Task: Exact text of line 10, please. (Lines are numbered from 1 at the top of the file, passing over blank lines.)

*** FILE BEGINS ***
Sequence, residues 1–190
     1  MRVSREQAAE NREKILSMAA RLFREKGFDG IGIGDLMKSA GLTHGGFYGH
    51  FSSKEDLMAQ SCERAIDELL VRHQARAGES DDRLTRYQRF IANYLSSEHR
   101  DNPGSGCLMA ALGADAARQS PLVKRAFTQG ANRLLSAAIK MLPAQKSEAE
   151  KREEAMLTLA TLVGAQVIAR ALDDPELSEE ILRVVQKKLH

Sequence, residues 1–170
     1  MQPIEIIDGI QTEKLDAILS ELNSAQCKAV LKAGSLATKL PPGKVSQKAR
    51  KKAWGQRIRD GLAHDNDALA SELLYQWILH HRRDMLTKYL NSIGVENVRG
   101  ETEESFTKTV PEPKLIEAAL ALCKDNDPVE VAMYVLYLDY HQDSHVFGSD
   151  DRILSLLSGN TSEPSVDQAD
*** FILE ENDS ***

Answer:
   151  DRILSLLSGN TSEPSVDQAD